Central banks 'cutting borrowing costs'

28 November 2011

Central banks across the world are cutting their borrowing costs in order to avoid the ongoing eurozone debt crisis from evolving into a global financial downturn.

According to estimates made by JPMorgan Chase & Co, institutions such as the Bank of England, the Federal Reserve and the European Central Bank (ECB) could all implement further quantitative easing, Bloomberg reports.

These central banks have all bolstered monetary stimulus over the course of the last three months or so and it is expected that several other nations worldwide - such as Sweden and Mexico - will do the same before the end of the first quarter of 2012.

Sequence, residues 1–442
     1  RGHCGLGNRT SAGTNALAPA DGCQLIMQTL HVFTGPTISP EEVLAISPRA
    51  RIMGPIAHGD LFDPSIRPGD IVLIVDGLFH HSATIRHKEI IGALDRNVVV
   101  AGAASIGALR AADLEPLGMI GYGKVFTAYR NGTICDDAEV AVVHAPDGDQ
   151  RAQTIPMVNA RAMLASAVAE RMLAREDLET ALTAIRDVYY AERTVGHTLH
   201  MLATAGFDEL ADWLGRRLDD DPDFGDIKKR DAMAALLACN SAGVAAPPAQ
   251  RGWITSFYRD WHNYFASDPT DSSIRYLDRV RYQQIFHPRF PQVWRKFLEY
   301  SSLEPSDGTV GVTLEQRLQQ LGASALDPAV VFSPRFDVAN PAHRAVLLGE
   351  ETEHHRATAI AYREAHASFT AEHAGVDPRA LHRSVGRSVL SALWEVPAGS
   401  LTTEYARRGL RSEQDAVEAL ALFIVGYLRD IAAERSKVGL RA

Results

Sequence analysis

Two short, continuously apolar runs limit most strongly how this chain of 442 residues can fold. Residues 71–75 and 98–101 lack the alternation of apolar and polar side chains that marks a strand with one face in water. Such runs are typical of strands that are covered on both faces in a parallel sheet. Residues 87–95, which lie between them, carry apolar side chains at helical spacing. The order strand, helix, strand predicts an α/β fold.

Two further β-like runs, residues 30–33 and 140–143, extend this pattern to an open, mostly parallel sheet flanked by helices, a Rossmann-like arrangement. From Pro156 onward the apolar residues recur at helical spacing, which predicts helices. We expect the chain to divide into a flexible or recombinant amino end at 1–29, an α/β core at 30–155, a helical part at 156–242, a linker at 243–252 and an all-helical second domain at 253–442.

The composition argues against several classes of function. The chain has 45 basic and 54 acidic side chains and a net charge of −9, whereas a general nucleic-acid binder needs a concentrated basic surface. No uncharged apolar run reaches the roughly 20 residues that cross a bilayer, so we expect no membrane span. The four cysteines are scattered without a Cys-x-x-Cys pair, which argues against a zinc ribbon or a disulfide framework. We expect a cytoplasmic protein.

Eric Stein, co-manager of the Eaton Vance Global Macro Absolute Fund in Boston, told the news source that such institutions are currently characterised by a "backdrop of austerity".

"We've seen central banks that were hawkish begin to turn dovish," he added.

Sources recently told Reuters that the ECB is planning to offer extended loan arrangements to financiers across the continent.

By Asim Shah

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